By William Desmond.
"It's no use, mother," said
Fred Williams despondently. "As
long as Mr. Stuart is so set
against me his daughter won't
marry me. Lilly" toves me, but
she will not go in opposition to
her father's wishes."
"Well, it's right for young
folks to honor and obey their
parents," commented Mrs. Wil
liams, "but it's hard on the two of
you just the same. Lsuppose his
chief objection to you is because
3 ou work at the roundhouse, a'nd
he thinks you're not Lily's social
Her son colored. "Yes, that's
it," he said, slightly annoyed at
his mother's persistence in harp
ing on the topic. There was an
incisive curve in her chin that be
spoke a determined will, although
Mrs. Williams had the name of
-being a mild woman.
"Thirty years ago Granville
Stuart was wild in love with
your aunt Kitty," she said mus
ingly. "He used to write her all
the time as silly letters as you
could imagine. There's a heap of
them upstairs now in an old
trunk. When Kitty went .to Cal
ifornia she left them here' with a
lot of other rubbish."
"Well, 'I must get back to
work' said Fred, who had fin
ished his dinner and was not par
ticularly interested in the stale
love affairs of Lily Stuart's fath
er. After he had gone Mrs. Wil
liams sat a long time at the table
sipping her tea in an abstracted
manner. At last the dreamy ex-
pressioit of her fa'ce changed to
onfe of stern-lipped decision, ana
she rose and proceeded to her
room, in a little while sne re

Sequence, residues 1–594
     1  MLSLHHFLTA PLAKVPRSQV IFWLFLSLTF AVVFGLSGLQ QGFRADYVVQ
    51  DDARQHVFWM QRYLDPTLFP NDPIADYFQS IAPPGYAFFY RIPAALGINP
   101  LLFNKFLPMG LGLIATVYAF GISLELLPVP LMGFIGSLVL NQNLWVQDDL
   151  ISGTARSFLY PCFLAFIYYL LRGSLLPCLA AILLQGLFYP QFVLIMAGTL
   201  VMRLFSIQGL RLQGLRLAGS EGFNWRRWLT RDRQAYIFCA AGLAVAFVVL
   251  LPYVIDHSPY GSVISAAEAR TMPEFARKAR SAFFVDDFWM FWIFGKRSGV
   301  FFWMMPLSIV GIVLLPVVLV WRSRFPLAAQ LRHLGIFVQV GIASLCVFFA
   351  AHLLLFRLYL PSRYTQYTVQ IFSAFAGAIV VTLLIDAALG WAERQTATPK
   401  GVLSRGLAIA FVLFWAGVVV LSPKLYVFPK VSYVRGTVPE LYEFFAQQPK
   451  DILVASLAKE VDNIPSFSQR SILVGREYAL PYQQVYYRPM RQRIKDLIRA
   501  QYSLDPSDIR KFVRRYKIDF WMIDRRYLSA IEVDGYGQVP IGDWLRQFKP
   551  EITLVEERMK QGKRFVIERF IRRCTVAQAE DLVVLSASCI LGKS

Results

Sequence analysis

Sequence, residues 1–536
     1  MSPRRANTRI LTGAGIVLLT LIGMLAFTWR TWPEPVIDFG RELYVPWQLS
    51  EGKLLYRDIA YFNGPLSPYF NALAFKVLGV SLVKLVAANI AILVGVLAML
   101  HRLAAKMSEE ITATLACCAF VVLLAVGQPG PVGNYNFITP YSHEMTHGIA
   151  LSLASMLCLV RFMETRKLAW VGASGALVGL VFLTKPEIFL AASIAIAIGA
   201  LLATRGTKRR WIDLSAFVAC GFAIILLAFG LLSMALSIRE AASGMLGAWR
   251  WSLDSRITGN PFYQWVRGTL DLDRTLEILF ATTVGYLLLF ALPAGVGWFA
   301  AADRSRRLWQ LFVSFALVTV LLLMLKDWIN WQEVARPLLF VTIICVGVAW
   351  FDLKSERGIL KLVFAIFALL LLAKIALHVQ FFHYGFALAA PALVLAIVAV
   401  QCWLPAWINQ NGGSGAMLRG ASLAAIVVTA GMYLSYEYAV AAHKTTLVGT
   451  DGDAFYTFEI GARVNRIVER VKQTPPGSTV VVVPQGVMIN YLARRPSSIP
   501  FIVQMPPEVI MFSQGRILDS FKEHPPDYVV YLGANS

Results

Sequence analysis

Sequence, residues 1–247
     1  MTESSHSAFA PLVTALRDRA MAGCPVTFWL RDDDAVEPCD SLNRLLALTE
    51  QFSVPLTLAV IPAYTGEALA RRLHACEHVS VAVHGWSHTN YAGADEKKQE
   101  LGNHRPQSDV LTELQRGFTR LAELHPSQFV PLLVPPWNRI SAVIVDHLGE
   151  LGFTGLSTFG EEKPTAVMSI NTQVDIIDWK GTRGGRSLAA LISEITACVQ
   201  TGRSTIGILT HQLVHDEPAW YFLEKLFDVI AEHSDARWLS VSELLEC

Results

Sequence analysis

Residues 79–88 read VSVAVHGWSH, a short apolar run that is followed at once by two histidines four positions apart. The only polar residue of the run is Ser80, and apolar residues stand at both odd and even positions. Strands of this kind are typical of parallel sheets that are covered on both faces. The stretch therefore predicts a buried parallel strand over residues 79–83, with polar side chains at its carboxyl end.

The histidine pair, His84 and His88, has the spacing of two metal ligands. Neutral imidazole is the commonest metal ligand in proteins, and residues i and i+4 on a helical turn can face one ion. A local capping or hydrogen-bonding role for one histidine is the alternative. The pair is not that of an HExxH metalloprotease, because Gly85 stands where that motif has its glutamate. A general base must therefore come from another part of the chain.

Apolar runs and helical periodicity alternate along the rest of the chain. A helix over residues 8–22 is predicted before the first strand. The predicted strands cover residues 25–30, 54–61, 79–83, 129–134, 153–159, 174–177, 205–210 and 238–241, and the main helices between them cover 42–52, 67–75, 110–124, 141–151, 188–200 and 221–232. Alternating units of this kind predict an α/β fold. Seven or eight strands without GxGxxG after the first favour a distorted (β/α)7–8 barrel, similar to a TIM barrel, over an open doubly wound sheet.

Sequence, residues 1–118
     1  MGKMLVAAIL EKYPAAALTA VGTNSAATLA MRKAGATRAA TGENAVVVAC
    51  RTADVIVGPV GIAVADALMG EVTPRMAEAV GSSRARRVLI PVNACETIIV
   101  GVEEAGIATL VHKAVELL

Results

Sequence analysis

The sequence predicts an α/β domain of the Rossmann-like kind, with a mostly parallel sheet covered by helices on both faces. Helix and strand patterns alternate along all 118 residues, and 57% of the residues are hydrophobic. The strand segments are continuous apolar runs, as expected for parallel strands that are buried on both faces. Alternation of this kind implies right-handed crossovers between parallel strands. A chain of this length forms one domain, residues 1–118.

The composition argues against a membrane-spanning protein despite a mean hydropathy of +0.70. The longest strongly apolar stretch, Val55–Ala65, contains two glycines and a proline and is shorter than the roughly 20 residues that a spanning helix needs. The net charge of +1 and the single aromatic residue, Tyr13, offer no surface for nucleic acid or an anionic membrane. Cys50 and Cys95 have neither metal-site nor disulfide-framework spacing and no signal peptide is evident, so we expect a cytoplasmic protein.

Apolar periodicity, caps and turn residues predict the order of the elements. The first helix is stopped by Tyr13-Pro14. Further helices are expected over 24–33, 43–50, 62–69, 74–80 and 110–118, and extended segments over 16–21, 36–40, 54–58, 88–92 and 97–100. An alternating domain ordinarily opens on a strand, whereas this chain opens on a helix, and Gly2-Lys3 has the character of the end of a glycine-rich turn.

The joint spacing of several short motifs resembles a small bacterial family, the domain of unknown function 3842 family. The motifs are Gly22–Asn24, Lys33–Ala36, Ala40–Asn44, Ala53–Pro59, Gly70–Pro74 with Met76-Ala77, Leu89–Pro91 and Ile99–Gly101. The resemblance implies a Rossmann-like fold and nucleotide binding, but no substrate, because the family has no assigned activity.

appeared clad in bonnet tnd dol- t
man, with a small packet in her
hand. Locking the door she
walked rapidly down Main street, j
and halted where Chapman $
Thirteen Murray a signboard
bearing the inscription of "Gran-
ville Stuart, Real Estate and - '
Loans," hung over the sidewalk.
The office, tucked in between two, v
stores, was divided by a counter
surmounted by a brass railing.
The bald, portly, red-faced man v
within glanced at his unexpected s
yisitor in surprise.
"How do you do?" he said in a J
tone of rather forced cordiality. -3
"Can I see you alone?" she.
asked curtly. m Jjfc
'Certainly; come into my-pri- g
vate office." wF
He opened the gate at the end
of the counter and held it open for
her to pass through.
"It's an unexpected pleasure to j
see you here, Mrs. Williams," said K -j
Stuart, as his visitor sunk yito a Jf
The lady paid no attention td ',
the compliment. "1 came," she
said abruptly, "to find out why
you won't let VLily marry my fh
boy." , ife
"Ah, my dear madame," said "ffl
Stuart hastilv, "nobody likes Jb
Fred better than I do, but" v
"He works at the roundhouse'
she interposed. "Because he hap
pens to be a good mechanic in
stead of a fourth-rate professional
man &r dandy clerk you think:
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